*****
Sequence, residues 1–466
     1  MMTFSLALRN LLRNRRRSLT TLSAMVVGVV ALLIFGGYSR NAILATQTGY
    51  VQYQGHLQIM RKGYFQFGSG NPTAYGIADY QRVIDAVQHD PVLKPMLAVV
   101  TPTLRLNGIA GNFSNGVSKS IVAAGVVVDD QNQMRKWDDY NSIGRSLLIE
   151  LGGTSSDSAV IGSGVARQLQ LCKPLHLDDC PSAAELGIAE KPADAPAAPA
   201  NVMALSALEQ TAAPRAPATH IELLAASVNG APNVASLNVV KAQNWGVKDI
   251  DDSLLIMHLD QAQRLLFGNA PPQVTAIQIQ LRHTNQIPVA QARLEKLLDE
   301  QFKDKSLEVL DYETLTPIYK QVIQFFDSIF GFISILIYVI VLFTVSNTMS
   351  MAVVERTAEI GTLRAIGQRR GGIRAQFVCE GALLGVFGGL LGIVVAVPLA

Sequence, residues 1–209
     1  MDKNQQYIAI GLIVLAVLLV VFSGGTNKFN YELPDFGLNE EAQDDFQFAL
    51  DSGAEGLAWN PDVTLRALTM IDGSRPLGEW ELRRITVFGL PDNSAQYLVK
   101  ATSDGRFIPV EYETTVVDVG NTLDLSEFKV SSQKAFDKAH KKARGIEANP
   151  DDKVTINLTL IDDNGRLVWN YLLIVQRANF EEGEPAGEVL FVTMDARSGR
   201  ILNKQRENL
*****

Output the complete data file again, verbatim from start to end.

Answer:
Sequence, residues 1–466
     1  MMTFSLALRN LLRNRRRSLT TLSAMVVGVV ALLIFGGYSR NAILATQTGY
    51  VQYQGHLQIM RKGYFQFGSG NPTAYGIADY QRVIDAVQHD PVLKPMLAVV
   101  TPTLRLNGIA GNFSNGVSKS IVAAGVVVDD QNQMRKWDDY NSIGRSLLIE
   151  LGGTSSDSAV IGSGVARQLQ LCKPLHLDDC PSAAELGIAE KPADAPAAPA
   201  NVMALSALEQ TAAPRAPATH IELLAASVNG APNVASLNVV KAQNWGVKDI
   251  DDSLLIMHLD QAQRLLFGNA PPQVTAIQIQ LRHTNQIPVA QARLEKLLDE
   301  QFKDKSLEVL DYETLTPIYK QVIQFFDSIF GFISILIYVI VLFTVSNTMS
   351  MAVVERTAEI GTLRAIGQRR GGIRAQFVCE GALLGVFGGL LGIVVAVPLA

Sequence, residues 1–209
     1  MDKNQQYIAI GLIVLAVLLV VFSGGTNKFN YELPDFGLNE EAQDDFQFAL
    51  DSGAEGLAWN PDVTLRALTM IDGSRPLGEW ELRRITVFGL PDNSAQYLVK
   101  ATSDGRFIPV EYETTVVDVG NTLDLSEFKV SSQKAFDKAH KKARGIEANP
   151  DDKVTINLTL IDDNGRLVWN YLLIVQRANF EEGEPAGEVL FVTMDARSGR
   201  ILNKQRENL